Ocean forest covers an area of more than 7 million square kilometers, and contributes to the production of the largest percentage of oxygen, as well as removing the largest amount of carbon gas from the atmosphere making It is the real lung of Earth.
Off the coast of nearly every continent are vast underwater forests of seagrass, providing habitats that support marine biodiversity and productive fisheries. These marine habitats are more important than forests on land, but they are vulnerable to climate change and human activities.
What are ocean forests?
Underwater forests are formed by seaweeds, which are types of algae. Like other plants, seaweeds grow by capturing the Sun’s energy and carbon dioxide through photosynthesis. The largest species grow tens of metres high, forming forest canopies that sway in a never-ending dance as swells move through. To swim through one is to see dappled light and shadow and a sense of constant movement.
Although seagrass varies in shape and size, larger species—such as Ecklonia maxima and giant kelp—remarkably resemble trees.
Some giant species have small gas-filled sacs that allow them to form flexible floating surface canopies. Unlike trees that can live for centuries, seagrass is relatively short-lived, only 25 years old, meaning that an entire kelp forest regularly overturns its permanent biomass.
How large are marine forests and where are they located?
According to a recent scientific study published in Global Ecology and Biogeography, the area of marine forests ranges between 6 and 7.2 million square kilometers, and covers about 25% of the world’s coasts.
The largest marine forests are concentrated in the cold regions near the poles and the temperate regions, near the western coasts of North and South America, South Africa and East Asia.
The most productive are the African marine forests and the forests around the coral reefs of southern Australia.
Most of the world’s forests are made up of kelp, a group of more than 30 genera of giant algae that can grow very rapidly in ideal conditions, at a rate of more than half a meter per day. Therefore, it has floating “leaves” that can reach tens of meters in length, forming a tangled forest that provides habitats for many marine creatures.
Among the most important are the great African marine forests dominated by giant sea bamboos. It extends along the western coast of South Africa and Namibia with a length of more than 1,000 km, and is characterized by being one of the few marine forests that is expanding in its area, and harbors thousands of species of unique organisms, so it has been classified as a major ecosystem for regeneration in the world’s oceans, according to the “Sea Change Project” website.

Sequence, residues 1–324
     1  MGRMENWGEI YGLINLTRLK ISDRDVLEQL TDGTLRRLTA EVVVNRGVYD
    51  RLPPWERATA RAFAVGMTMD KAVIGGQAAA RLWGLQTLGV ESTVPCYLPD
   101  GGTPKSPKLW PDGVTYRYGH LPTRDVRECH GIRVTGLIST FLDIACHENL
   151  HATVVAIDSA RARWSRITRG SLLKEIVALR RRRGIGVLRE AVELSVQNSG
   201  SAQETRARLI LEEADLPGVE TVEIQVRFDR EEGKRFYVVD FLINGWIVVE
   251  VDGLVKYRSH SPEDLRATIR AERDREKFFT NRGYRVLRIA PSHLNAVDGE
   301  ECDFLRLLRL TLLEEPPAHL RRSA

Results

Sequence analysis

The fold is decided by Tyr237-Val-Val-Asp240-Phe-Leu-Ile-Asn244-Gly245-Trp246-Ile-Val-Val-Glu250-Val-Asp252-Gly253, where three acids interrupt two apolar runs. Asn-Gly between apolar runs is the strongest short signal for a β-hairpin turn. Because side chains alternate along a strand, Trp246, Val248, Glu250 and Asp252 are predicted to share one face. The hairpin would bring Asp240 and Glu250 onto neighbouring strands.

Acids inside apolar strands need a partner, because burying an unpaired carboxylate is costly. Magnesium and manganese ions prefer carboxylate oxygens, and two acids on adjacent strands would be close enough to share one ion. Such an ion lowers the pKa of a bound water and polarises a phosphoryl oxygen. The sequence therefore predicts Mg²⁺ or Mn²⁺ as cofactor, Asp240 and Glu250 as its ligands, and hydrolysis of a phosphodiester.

Why are ocean forests important?
Seagrass forests are critical to sustaining life on Earth and providing habitat and food for many living organisms, in addition to their essential role in mitigating the effects of climate change.
According to some scientific sources, nearly 70% of the world’s oxygen is produced by marine species, including seaweeds through photosynthesis, and their importance in this respect is greater than rainforests over land, whose contribution does not exceed 28%.
Seagrass provides a home for many different animal species, including fish, shellfish, sea urchins, snails, and sea otters. Large marine mammals, such as sea lions and harbor seals, use these habitats for feeding and protection from predators.
In addition, seaweed contributes to reducing pollution levels by absorbing excess toxins, such as organic chemicals and heavy metals, from the water. They also absorb carbon dioxide and convert it into biomass from seaweed in a process called carbon sequestration.
Although their area is only 0.1% of the ocean area, seaweeds store about 18% of the carbon that ocean water absorbs from the atmosphere.
Despite their importance, marine forests are exposed to many risks that have led to a worldwide decline in their area. Some estimates indicate that this decline is occurring at a rate of 1.5% of the area annually, and that 29% of seagrass meadows have been eliminated during the last century.
Human activities, which are mostly concentrated on the coasts, with harmful fishing practices and the disruption of the ecological balance, in addition to the rising temperatures in the ocean waters; One of the main reasons for this decline.
Oxygen levels – https://ugc.berkeley.edu/background-content/oxygen-levels/